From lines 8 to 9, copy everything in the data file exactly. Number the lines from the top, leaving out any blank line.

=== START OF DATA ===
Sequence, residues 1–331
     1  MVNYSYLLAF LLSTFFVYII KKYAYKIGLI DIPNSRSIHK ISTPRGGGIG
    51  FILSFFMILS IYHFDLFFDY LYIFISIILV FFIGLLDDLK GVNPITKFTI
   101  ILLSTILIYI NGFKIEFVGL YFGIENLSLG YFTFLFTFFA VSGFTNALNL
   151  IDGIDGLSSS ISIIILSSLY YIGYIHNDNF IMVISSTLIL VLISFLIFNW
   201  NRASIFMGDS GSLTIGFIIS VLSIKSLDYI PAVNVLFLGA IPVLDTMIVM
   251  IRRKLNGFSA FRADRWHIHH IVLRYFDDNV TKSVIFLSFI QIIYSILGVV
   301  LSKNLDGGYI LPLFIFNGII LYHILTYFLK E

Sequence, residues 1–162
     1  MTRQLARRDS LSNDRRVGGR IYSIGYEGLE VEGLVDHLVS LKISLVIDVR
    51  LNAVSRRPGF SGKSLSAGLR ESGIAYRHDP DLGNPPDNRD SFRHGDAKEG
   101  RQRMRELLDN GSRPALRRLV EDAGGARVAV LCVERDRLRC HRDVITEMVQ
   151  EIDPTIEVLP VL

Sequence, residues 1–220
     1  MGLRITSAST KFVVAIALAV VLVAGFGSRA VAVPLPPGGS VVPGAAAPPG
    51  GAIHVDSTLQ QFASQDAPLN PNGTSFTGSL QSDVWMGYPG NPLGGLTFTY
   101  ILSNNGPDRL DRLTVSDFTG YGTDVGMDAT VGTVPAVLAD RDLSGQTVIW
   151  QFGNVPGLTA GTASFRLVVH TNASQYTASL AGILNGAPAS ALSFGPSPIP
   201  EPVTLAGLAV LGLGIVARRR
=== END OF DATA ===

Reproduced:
   301  LSKNLDGGYI LPLFIFNGII LYHILTYFLK E

Sequence, residues 1–162